CHINKAPIN OAK
File Size: 57 KB
 
Quercus muehlenbergii  Engelm.
Konza Prairie, Riley County, Kansas
Height: 33-50 feet, smaller westward
Family: Fagaceae - Oak Family
Flowering Period:   May
Also Called: Chinquapin oak, chestnut oak.
Trunks: Erect, diameter 12 to 40 inches; crown narrow, rounded; bark thin, gray, less than .5 inch thick, shallow furrows, short, flaky ridges.
Twigs: Slender, stiff, fine-pubescent, becoming glabrous, initially greenish, becoming brown or gray; buds egg-shaped, slightly hairy, reddish-brown; leaf scars half-round, somewhat elevated; bundle scars 10 or more, scattered.
Leaves: Alternate, simple, deciduous, oblong-lanceolete to obovate, 1.2 to 8 inches long, .4 to 4 inches wide, firm, leathery; upper surface dark-green, shiny; lower surface pale green, pubescent when young, becoming glabrous when mature; margins coarsely toothed, teeth 6-13 on each side, often directed forward; main veins extending to each tooth, parallel; tip short- or long-pointed; stalk slender, .5 to 1.4 inch long.
Flowers: May, with the leaves partly grown; male and female flowers on same tree; staminate flowers in catkins 2.8 to 4 inches long; calyx bell-shaped, 5-8-lobed, yellowish, hairy; corolla absent stamens 4-8; anthers yellow, small; pistillate flowers sessile or in short spikes, spherical, about .6 inch in diameter, woolly; stigma disc-like, 3-lobed, yellowish-green.
Fruit: September; acorns 1-2, 1-seeded, sessile or short-stalked; cup hemispheric, .25 to .4 inch high, .3 to .8 inch wide, brownish-gray, lumpy, enclosing 1/4 to 1/2 of nut; scales small, closely overlapping, gray-pubescent; nut egg-shaped, .5 to 1 inch long, brown, downy, tip rounded, base flattened; kernel edible, sweet.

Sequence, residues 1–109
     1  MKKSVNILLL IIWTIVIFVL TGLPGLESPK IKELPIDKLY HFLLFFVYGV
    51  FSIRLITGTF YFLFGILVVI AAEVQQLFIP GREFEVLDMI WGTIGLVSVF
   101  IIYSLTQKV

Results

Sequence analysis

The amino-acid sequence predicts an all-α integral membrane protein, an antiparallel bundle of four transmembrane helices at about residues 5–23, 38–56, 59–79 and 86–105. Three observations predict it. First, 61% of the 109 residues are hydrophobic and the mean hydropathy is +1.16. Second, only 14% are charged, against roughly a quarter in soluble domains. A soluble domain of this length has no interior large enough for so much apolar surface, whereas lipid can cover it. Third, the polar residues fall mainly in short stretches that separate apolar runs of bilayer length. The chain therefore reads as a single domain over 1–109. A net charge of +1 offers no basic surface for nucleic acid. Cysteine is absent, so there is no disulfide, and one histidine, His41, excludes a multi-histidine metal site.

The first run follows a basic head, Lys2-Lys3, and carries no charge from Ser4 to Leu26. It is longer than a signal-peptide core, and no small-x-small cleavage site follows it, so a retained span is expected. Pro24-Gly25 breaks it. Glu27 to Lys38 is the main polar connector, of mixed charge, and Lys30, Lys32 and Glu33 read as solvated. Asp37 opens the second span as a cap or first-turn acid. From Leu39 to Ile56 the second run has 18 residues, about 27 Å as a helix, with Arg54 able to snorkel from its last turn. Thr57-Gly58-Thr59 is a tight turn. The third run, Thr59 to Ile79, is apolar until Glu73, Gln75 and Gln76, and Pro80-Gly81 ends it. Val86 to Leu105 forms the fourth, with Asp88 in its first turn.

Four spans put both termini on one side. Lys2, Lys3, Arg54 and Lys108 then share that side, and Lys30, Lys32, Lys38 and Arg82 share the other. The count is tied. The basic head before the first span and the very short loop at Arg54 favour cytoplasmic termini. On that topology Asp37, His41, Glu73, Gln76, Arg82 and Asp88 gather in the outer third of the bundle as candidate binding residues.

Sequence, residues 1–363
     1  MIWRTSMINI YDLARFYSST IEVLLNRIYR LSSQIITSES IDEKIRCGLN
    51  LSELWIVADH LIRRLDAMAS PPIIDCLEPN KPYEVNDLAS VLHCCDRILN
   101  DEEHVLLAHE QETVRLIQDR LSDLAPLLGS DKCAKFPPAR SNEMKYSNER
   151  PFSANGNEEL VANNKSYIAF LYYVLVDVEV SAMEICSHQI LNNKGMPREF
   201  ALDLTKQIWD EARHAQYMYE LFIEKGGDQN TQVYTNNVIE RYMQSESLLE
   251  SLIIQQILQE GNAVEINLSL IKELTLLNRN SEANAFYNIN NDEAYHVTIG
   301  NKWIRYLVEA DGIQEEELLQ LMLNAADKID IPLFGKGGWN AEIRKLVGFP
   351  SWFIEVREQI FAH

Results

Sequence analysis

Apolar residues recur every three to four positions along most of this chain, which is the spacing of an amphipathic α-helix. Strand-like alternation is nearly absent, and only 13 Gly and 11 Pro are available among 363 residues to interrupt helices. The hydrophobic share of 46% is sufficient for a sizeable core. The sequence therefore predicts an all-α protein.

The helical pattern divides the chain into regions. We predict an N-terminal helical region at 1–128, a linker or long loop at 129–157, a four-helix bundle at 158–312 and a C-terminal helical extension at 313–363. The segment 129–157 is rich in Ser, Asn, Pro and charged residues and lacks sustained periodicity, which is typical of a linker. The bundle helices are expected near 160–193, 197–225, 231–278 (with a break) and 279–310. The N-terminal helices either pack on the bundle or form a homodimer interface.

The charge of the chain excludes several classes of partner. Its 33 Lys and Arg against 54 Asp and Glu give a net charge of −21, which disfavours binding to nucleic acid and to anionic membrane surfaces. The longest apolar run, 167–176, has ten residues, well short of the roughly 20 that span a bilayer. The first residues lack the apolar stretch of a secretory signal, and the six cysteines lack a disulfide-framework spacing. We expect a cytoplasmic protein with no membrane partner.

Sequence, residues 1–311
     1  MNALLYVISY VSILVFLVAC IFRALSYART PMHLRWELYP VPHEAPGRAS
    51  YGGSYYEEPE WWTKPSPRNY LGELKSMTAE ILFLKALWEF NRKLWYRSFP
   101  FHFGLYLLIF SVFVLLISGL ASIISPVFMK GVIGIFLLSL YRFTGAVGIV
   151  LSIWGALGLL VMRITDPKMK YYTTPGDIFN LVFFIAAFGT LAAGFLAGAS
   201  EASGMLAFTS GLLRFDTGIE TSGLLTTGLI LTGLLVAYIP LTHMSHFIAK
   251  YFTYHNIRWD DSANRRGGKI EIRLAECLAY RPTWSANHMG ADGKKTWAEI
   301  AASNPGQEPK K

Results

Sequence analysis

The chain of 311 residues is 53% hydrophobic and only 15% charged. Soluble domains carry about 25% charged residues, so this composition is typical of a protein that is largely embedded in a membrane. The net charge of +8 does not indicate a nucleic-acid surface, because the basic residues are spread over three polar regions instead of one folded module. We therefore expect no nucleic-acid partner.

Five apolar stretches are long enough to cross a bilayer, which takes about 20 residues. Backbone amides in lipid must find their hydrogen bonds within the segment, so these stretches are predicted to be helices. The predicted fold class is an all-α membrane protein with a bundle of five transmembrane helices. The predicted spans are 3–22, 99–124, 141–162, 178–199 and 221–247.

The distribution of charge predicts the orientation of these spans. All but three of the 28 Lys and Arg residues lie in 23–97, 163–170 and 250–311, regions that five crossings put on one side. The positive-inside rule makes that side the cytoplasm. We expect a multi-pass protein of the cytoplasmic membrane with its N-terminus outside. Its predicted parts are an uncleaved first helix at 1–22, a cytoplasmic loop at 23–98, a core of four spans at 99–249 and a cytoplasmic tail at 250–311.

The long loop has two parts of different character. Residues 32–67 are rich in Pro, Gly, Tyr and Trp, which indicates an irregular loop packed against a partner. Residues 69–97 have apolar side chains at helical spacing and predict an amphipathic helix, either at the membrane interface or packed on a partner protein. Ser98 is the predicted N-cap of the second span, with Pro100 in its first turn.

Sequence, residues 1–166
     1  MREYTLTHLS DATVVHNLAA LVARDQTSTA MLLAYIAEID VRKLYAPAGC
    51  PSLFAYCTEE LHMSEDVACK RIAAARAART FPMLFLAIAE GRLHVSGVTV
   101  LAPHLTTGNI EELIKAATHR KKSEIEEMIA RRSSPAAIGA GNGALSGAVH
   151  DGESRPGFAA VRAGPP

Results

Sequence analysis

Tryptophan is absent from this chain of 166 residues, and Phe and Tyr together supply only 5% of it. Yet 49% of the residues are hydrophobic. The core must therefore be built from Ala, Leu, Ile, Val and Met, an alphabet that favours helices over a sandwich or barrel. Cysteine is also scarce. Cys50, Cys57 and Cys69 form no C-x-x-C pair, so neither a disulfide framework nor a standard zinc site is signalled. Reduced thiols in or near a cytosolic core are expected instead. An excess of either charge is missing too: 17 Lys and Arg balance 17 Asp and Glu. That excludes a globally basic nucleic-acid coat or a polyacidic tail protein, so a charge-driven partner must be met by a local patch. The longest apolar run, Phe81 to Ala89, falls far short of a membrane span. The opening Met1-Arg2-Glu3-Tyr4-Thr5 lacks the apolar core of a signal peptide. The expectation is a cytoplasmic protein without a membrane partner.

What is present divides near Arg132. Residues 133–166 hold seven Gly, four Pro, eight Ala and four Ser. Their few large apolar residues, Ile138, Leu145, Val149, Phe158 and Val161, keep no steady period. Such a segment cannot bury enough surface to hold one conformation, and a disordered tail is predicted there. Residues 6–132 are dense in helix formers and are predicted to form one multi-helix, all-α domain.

Habitat: Rocky hillsides, bluffs, upland woods, rich bottom lands, frequently in woodland borders, sometimes restricted to north slopes; calcareous soils.
Distribution: East half of Kansas
Origin: Native
Uses: Native Americans steeped the bark and took the tea for vomiting.
Comments: Leaves turn deep yellow and scarlet in autumn. The wood is heavy, very hard, strong, close-grained, dark brown, durable; used for flooring, furniture, fence posts, railway ties, and fuel. Muehlenbergii is in honor of Gotthilf Heinrich Ernst Muehlenberg, 1753-1815, a German-educated Lutheran minister and pioneer botanist in Pennsylvania.

Chinkapin oak staminate flowers
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Konza Prairie, Riley County, Kansas
Chinkapin oak flowers
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Konza Prairie, Riley County, Kansas
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Chinkapin oak bark
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Konza Prairie, Riley County, Kansas
Chinkapin oak leaves
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Konza Prairie, Riley County, Kansas
Chinkapin oak acorns
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Chinkapin oak acorns
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Wildcat Glades Conservation & Audubon Center, Newton County, Missouri
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Konza Prairie, Riley County, Kansas
Chinkapin oak buds
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Konza Prairie, Riley County, Kansas
Chinkapin oak pistillate flowers
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Konza Prairie, Riley County, Kansas
Chinkapin oak pistillate flowers
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Konza Prairie, Riley County, Kansas
Chinkapin oak leaves
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Konza Prairie, Riley County, Kansas